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Generally, you compare a whole bunch of different trees under some criterion of fit to the data and pick the one that has the best fit. Parsimony is the simplest one: you pick the tree that requires the smallest number of total changes.

You can’t make a tree out of two sequences. You suppose there’s a branch connecting them through a common ancestor, and that single difference would have to have happened somewhere along that branch. But if you expand that to multiple sequences with variously distributed differences, you can assign those differences to different branches of a tree, whichever branches require the fewest changes. I’m sure there must be some simple graphic explanations somewhere on the web. Try searching for phylogenetics and parsimony.

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I’m asking questions. I’ll admit, I hadn’t gotten very far into the supporting material, partial due to time, partly due to their technical nature. I have degrees in computer science, not biology. So I’ve been thinking about this from what I’m familiar with. I’m also trying to ask questions to help me process this from a perspective of comparing common descent with biblical creation (kinds via divine fiat). The word “design” seems to be too ambiguous:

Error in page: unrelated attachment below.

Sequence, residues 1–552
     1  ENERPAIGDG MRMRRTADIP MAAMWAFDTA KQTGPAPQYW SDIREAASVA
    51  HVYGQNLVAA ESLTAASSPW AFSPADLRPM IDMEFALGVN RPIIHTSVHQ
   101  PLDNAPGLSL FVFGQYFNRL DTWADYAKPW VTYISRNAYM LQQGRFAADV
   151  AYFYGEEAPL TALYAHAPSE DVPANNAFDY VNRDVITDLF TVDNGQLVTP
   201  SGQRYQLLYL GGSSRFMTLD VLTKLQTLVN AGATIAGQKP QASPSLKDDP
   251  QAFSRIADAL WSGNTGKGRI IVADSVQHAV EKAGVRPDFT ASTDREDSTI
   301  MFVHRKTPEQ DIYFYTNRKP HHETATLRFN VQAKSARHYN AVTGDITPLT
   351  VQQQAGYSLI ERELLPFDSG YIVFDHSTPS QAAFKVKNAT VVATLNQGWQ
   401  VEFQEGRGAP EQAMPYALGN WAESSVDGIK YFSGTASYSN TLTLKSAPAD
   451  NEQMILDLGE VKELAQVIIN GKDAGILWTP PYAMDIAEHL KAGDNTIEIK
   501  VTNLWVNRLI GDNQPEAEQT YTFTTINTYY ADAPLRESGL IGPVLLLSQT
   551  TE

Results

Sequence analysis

I may not have worded that properly. I do believe this is related to the topic. At least it is for me. Again, I’m trying to determine is how this relates to the question of common design vs biblical creation. And my questions were related to this. Perhaps I was trying to extend this example beyond what it could really accomplish.

Good to know, and confirms what I was considering. I personally can’t speak for the kind boundaries here, but I was wondering if some of the relationships we were seeing was due to them being from a common kind.

Several weeks. Great.
Then I’m assuming it would be a lot longer for a non-graduate student who barely has time to post comments on this site every few days.

Joshua, I appreciate you taking the time on this one. I have made an effort here, despite my limited background and resources. I do feel like I get the general concept, despite my persistently sometime-odd questioning. But a full understanding would take some time. It would take me quite a while to gain enough knowledge to really draw a conclusion that I personally can be comfortable with. And I’m not comfortable with “just take my word for it.” I don’t even do that for YEC experts.

I will say this: I does sound interesting. And I certainly take note of the fact that you find it compelling. I’ll do what I do with anything new like this: make mental note of it, put it in my “back pocket” and watch for future developments on it. Know that I would do that exact same thing even if it was something in YECs favor! I’ve learned it’s good to appreciate new developments, but also not to hold on to them too tightly.

Excellent point, one I have tried to make frequently. You should abandon that term “design”; I suggest “separate creation” as an alternative. “Common design” means nothing.